2007 North American Brass Band Championships - Retrospective: Lower Section, Solo & Ensemble


There was much to admire in the lower sections, with an accent on youth and some wonderful playing from individuals and ensembles on show all weekend.

Whilst we did listen to every beat of the Championship and Honors Section, we would like to apologise that we did not see every lower section band, ensemble and soloist; however, with two and three venues running concurrently, it made for quite a difficult task.  In fact, after sitting through bands the entire day, it gave us a new appreciate for what the men (and woman) in the box had to do.

Challenge Section:

The top two placing bands, Massanutten (pronounced like "nut" in the middle) and Natural State had very challenging programs and from what we did here played them quite well. Kevin Stees, director of Massanutten had actually conducted James Madison to a victory on Coventry Variations two years earlier in the Honors Section.

Natural State
Natural State grabs the 2nd place prize

Natural State Band (Rusty Morris) performed ‘Variations on Maccabeus'.  The band showed off its technical prowess in the own choice and had a consistent effort in the set piece.

We made an extra effort to hear the debut of the Chesapeake Silver Cornet Band. For their debut they appeared to have a less challenging program than some of the other bands, but it helped feature some fantastic ensemble moments from the group.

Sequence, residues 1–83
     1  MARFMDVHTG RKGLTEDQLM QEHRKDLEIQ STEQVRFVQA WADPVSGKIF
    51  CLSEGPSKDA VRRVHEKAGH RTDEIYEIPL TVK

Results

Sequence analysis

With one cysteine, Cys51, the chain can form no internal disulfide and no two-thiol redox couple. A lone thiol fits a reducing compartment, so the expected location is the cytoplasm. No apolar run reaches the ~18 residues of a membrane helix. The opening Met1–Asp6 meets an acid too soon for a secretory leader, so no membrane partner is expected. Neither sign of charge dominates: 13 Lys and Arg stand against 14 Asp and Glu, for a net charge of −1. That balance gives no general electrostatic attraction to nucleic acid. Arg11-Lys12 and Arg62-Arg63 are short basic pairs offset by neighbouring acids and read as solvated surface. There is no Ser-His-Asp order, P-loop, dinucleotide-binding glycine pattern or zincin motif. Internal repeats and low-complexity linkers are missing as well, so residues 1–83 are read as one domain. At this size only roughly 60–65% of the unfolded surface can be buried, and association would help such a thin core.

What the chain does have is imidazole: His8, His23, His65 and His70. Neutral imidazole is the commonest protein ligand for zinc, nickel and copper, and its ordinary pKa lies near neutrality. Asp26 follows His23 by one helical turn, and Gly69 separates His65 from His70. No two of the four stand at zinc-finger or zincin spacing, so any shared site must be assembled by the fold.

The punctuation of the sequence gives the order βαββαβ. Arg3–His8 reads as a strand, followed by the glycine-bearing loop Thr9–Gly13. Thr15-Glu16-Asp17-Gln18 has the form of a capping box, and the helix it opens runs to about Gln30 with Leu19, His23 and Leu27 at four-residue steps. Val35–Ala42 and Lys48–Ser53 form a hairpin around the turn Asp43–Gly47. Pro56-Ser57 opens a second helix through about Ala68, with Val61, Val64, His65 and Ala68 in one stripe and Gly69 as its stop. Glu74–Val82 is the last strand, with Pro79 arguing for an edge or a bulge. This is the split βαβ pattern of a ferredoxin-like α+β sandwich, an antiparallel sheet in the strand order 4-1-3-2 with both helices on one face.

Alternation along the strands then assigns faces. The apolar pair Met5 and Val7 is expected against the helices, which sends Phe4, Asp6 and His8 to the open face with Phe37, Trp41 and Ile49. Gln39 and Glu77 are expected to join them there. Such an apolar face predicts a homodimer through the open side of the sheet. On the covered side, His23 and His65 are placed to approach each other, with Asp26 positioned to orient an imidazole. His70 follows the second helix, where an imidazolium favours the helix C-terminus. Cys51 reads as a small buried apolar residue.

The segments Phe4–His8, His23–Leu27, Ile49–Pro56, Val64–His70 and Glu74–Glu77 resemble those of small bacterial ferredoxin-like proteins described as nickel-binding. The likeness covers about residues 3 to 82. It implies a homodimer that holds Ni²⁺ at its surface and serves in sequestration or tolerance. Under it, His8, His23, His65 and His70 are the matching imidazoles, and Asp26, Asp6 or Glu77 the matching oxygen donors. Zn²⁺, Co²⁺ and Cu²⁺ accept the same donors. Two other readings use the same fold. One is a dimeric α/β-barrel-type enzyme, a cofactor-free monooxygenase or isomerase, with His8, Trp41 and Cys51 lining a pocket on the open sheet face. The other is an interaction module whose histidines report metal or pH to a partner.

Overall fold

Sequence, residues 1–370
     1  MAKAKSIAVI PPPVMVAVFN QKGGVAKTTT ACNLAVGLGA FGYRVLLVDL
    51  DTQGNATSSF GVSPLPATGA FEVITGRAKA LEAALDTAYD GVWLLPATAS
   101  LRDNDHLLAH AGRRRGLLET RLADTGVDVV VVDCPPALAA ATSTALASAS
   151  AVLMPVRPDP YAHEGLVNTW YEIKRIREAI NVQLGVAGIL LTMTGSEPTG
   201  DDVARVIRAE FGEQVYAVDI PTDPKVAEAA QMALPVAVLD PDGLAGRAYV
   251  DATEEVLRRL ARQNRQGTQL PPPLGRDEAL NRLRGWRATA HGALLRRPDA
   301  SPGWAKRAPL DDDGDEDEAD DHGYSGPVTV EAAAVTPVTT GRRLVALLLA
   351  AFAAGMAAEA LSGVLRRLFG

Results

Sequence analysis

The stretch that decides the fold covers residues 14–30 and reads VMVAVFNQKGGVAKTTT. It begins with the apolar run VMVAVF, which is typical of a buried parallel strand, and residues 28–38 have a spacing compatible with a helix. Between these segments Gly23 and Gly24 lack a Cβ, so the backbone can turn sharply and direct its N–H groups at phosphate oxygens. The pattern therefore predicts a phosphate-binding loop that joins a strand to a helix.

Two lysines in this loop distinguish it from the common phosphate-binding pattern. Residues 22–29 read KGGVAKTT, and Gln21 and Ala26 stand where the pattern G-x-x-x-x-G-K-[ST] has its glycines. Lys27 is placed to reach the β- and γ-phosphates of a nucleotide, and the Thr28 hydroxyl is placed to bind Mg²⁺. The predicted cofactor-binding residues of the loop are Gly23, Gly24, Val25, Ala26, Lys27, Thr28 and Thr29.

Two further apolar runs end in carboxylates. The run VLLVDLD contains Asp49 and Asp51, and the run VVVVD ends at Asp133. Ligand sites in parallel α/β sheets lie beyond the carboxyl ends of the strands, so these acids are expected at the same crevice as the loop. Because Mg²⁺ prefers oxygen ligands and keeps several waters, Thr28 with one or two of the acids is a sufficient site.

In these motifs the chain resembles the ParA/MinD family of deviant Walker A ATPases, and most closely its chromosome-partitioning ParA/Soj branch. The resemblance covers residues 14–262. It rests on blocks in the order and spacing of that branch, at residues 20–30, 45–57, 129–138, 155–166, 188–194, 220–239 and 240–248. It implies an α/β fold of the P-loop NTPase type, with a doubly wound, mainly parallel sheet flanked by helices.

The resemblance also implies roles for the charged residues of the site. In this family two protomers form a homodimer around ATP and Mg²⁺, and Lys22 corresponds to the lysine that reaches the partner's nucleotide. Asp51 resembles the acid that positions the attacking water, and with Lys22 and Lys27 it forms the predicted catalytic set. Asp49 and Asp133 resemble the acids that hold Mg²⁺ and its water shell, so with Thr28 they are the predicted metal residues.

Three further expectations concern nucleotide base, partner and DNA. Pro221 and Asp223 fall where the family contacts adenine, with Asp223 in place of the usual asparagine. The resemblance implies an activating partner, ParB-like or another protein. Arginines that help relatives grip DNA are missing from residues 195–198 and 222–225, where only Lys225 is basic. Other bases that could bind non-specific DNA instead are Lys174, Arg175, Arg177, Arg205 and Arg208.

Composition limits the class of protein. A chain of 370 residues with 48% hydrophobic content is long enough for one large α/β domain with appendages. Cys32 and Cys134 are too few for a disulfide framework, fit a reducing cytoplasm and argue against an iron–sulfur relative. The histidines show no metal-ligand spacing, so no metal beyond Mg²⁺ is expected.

Pointing in the right direction for Chesapeake Silver

Unfortunately, the moments did not occur consistently enough to make a run at the title.  If they can make the effort to return, I'm sure we'll see the improvement.

Explorer Section:

Brass Band of the Tri-State Captures the Crown

The Explorer Section is the lowest of the four adult sections and the bands that are competing in this section are obviously still developing the brass band sound.  They could all do with a darker sound (perhaps aided by a bit of vibrato).  There are all some intonations and balance issues.

Compare to last year, this section was much more competitive.  All-Star Brass & Percussion is much improved, playing with a bigger more confidant sound.  Bend in the River Brass Band made a fine debut with an excellent conductor in Mark Kersting and Brass Band of the Tri-State had a good ensemble for the own choice pieces, but on the more difficult set-work, ran into the same issues as the other groups.

We thought it was a tight race that any group could win, but opted for Bend in the River.  The adjudicators favoured Tri-State and perhaps their easier choice of programme was able to show off more of their strengths.

Youth and Youth Open Sections: